Fishing the Perfect Fly Brown Drake Mayfly Emerger Imitation:

Perfect Fly Brown Drake Emerger:
It is during the time the emerging nymph is suspended just under the surface film that it is
most subject to being eaten by a  feeding trout. The trout may eat the emerging mayfly
nymphs more than they do the dun and spinners combined. You should always watch for
rise forms to indicate trout feeding on the emergers. This will usually produce the typical
rise ring.
Be sure to check the shorelines and slower moving sections of the river or stream. The
emerging duns aren’t around for long period of time, so being there at the right time is
important if you are planning on fishing a brown drake hatch.

Presentation:
You should fish the Perfect Fly Brown Drake emerger in the surface skim to imitates the
real nymph suspended beneath the surface film. The CDC should just be level with the
surface of the water. In the slower moving water in which they are found, a downstream or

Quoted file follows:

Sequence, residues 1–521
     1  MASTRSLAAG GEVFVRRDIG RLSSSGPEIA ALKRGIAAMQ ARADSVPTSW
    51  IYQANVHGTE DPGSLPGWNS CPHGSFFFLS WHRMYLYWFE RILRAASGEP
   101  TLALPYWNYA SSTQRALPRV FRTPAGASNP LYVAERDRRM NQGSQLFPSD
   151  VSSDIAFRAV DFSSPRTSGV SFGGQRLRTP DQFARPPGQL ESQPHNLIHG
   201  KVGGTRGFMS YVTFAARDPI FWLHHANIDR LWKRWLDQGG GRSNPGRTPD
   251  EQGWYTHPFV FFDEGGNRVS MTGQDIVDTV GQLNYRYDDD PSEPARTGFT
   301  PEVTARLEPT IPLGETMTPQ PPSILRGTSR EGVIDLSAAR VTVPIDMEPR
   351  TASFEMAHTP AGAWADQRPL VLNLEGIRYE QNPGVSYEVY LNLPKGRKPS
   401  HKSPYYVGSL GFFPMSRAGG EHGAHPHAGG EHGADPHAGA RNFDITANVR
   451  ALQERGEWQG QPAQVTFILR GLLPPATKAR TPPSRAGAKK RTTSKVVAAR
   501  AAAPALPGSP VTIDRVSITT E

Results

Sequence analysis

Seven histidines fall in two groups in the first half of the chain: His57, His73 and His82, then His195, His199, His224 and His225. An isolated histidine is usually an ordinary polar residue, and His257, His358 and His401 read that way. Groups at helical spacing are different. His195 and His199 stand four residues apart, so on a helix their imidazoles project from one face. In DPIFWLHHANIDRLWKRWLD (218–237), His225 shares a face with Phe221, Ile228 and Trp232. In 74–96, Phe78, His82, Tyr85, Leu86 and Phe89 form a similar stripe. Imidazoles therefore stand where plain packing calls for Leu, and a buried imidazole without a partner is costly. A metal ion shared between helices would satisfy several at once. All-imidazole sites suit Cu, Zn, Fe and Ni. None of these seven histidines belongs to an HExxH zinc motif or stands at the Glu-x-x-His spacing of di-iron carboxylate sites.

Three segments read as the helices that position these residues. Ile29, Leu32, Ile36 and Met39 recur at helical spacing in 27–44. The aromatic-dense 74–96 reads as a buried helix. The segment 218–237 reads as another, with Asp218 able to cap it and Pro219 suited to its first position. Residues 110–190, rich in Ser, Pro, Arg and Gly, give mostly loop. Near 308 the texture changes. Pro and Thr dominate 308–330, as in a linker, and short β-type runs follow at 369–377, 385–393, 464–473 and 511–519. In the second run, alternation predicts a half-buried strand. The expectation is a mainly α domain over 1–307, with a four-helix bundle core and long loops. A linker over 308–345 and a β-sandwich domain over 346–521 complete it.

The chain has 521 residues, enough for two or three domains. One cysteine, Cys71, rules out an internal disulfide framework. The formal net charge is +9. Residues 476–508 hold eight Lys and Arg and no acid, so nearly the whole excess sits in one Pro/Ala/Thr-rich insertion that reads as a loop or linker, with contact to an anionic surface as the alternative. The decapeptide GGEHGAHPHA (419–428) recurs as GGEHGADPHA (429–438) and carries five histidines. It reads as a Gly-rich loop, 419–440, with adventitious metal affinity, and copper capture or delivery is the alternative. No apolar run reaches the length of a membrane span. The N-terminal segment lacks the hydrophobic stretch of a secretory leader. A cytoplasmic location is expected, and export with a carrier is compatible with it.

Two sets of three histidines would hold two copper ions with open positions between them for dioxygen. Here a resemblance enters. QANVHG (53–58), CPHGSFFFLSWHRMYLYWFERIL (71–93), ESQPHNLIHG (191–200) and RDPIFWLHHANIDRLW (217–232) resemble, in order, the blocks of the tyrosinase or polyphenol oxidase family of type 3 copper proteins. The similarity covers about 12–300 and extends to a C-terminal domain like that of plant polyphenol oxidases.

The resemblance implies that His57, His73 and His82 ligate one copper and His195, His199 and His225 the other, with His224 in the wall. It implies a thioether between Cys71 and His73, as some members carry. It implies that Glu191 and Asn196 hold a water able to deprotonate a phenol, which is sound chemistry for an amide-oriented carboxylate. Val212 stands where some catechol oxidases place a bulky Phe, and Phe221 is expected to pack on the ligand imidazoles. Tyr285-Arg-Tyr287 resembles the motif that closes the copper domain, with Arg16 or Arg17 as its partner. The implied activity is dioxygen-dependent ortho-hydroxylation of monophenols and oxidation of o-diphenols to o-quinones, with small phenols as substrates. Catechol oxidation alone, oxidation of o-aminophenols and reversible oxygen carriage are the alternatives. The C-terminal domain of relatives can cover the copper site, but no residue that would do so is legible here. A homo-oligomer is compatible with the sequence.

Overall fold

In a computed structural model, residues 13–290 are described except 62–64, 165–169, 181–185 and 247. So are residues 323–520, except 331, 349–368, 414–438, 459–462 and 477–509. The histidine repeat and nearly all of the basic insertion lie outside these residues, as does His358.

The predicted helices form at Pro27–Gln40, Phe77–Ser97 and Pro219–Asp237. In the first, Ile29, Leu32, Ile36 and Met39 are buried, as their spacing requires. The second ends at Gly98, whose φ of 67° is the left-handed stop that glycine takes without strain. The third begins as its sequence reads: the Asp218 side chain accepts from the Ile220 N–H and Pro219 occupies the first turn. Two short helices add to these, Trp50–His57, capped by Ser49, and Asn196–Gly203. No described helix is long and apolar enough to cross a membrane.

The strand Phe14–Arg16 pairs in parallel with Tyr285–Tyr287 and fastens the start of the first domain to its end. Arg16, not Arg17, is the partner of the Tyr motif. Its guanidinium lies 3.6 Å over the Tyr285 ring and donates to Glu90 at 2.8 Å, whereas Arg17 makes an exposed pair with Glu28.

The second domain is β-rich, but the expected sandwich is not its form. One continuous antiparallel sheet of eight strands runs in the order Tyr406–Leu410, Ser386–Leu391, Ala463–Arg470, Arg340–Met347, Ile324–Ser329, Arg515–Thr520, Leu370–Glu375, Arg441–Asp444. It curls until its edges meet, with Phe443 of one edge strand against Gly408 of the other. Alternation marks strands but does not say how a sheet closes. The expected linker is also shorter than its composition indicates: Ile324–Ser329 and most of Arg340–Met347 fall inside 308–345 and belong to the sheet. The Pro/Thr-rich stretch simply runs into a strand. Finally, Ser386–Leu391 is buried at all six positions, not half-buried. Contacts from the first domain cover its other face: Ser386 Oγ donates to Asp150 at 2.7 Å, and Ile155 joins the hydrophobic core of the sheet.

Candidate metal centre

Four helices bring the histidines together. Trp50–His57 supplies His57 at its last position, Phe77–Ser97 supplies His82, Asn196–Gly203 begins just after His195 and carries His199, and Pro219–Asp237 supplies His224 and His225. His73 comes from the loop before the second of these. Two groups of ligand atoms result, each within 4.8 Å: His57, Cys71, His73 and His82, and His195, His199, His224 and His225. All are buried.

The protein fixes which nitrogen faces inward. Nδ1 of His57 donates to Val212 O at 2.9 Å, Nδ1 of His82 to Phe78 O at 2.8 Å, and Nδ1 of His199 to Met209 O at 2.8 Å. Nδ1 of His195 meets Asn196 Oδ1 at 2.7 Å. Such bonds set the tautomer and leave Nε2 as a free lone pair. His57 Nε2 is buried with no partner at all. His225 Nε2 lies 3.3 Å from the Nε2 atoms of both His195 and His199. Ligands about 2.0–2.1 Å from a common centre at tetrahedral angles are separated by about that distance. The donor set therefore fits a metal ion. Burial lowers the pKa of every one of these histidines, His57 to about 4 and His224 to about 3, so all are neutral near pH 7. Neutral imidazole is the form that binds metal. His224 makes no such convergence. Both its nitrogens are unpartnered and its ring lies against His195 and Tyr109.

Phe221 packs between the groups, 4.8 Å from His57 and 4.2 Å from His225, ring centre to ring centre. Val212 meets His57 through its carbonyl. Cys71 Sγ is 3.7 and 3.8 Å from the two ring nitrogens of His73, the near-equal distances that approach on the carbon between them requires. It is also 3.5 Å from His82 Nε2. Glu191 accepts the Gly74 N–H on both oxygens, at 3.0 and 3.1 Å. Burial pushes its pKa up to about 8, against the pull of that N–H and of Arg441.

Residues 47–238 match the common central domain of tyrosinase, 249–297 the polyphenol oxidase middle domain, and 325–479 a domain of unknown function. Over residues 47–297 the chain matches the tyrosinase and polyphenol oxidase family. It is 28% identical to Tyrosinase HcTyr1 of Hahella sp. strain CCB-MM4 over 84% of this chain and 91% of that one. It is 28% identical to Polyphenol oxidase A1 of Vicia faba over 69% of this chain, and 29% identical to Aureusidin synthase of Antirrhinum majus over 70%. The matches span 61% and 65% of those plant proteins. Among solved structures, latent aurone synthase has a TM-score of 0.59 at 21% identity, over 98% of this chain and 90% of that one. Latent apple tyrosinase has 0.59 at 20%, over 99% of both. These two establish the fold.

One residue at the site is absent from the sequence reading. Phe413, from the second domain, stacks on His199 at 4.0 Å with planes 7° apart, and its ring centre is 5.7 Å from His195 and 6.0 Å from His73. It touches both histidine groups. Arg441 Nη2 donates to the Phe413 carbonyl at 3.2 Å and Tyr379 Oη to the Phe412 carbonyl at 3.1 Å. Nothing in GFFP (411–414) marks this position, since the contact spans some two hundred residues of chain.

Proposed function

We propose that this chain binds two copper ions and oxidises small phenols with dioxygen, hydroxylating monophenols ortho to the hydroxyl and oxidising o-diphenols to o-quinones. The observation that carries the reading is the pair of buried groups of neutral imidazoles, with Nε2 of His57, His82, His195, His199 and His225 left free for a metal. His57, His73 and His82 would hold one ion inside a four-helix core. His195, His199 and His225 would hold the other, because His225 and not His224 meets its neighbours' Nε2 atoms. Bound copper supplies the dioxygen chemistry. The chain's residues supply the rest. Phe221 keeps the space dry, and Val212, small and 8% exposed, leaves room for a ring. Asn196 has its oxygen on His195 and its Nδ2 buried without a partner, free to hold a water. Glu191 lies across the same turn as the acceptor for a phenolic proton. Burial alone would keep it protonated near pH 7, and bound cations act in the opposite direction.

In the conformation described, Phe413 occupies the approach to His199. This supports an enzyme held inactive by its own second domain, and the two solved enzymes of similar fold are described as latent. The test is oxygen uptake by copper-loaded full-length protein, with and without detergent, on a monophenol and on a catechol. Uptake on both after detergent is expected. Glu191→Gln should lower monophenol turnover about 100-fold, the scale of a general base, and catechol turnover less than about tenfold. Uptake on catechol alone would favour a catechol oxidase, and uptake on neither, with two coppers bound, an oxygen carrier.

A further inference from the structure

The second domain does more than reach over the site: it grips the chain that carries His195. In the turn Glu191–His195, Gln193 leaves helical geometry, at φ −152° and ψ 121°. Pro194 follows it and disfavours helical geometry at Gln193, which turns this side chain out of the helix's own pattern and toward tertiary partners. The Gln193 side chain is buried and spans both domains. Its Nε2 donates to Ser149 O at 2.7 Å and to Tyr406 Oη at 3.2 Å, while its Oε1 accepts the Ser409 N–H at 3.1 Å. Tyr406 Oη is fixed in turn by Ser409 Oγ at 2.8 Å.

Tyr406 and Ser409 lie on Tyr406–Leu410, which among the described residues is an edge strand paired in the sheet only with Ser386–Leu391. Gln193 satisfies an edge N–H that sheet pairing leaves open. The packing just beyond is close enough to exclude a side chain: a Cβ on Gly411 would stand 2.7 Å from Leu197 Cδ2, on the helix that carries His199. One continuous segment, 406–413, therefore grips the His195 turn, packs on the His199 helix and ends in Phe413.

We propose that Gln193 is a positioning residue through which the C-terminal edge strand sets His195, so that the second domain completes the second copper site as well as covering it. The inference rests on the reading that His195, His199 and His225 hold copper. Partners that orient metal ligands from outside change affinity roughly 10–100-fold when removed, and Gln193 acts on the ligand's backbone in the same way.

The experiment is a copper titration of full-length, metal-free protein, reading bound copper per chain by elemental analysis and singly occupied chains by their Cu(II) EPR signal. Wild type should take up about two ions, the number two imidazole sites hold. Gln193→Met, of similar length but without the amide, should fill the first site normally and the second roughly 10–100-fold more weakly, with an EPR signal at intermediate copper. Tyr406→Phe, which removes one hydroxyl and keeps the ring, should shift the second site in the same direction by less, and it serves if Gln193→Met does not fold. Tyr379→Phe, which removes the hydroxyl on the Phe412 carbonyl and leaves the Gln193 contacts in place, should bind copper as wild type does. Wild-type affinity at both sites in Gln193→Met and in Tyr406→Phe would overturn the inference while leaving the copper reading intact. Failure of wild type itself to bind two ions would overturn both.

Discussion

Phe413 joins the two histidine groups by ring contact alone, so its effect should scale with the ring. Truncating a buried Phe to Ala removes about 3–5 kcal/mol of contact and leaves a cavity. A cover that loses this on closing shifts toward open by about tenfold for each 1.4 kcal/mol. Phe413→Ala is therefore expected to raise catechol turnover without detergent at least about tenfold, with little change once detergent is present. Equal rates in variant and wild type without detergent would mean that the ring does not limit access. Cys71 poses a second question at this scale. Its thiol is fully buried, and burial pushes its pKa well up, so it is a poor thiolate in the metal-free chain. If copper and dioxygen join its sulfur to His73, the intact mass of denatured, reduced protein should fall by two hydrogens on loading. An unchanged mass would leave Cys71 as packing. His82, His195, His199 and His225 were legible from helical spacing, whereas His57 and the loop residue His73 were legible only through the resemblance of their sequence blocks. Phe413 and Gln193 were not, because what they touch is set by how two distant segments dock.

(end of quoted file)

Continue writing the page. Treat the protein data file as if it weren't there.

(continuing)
down and across approach is usually the best method of presentation. It is very important
to keep a good drag free drift.
If you can find trout feeding on the emergers, it is best to fish to individual trout. This is
not easy to do in the low light conditions the hatch usually takes place in. Most of the time
you will be blind casting.
We think the Perfect Fly Emerger with the trailing shuck is best for blind fishing the hatch.
If you are fishing to individual trout, the CDC emerger is probably best. You fish the
trailing shuck version the same way - in the surface skim on a dead drift. Trial and error
is the only sure way to determine which fly is best. The trailing shuck version is slightly
easier to fish than the CDC emerger. It is easier to keep track of and to detect strikes
from but all in all, it probably isn't as effective, especially if the trout are very picky. Make
sure you use a tippet and leader that is light enough when fishing the CDC emerger
version. Heavy tippets can affect the way the fly drifts. I would not recommend anything
heavier than a 5X tippet for the CDC version. You can fish the trailing shuck version on a
4X tippet but most of the time, that would be pushing the limit.
Copyright 2013 James Marsh
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